Damien Hirst is the official poster boy of the Young British Artist movement. While studying in the renowned art program at Goldsmiths College in London, he conceived and curated his own exhibition, "Freeze." Charles Saatchi, advertising magnate and art collector, caught... [more]
Damien Hirst is the official poster boy of the Young British Artist movement. While studying in the renowned art program at Goldsmiths College in London, he conceived and curated his own exhibition, "Freeze." Charles Saatchi, advertising magnate and art collector, caught the show and began acquiring Hirst's work. He pushed Hirst into the spotlight by exhibiting him in his first "Young British Artists" show. In 1992, he commissioned Hirst to create "The Physical Impossibility of Death in the Mind of Someone Living" for $32,000. The resulting work featured a 14-foot tiger shark.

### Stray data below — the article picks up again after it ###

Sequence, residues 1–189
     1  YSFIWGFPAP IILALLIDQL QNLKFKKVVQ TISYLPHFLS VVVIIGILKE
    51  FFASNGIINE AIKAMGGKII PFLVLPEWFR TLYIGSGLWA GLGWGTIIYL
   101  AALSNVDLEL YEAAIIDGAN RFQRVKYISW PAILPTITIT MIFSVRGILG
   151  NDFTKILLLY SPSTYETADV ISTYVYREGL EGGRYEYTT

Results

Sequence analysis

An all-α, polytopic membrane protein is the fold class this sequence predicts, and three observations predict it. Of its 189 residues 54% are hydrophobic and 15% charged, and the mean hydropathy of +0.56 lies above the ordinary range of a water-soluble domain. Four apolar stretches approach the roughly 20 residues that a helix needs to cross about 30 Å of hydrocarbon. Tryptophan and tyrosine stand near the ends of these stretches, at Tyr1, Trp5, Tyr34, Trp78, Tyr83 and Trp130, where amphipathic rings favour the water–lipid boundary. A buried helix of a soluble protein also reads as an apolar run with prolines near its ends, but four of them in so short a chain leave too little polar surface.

Hirst uses animals preserved in formaldehyde ("pickling art," as he describes it) in order to provocatively convey his interpretations of such classic themes as life and death. His controversial animal pieces have sparked protests from the government and the public. In 1994, his work was banned by both the New York City Health Department (it was concerned about "the odors and fluids created by the rotting process") and the United States Department of Agriculture. In 1995, his piece, "Two F******, Two Watching," was banned by New York health officials on the grounds that "it might explode or prompt vomiting among the visitors."
In response to "the mechanical yet fortuitous nature of art production," Hirst actively seeks to achieve a sense of randomness in his spin paintings (formless splashes of color created by pouring paint onto spinning, circular canvases). The artist explains the source of inspiration for his series of spot paintings: "The aim is to set up a kind of visual humming...they represent the ultimate variety of life...and are random attempts to communicate within a rigid system." Hirst won one of Britain's most prestigious art awards, the Turner Prize, in 1995. [show less]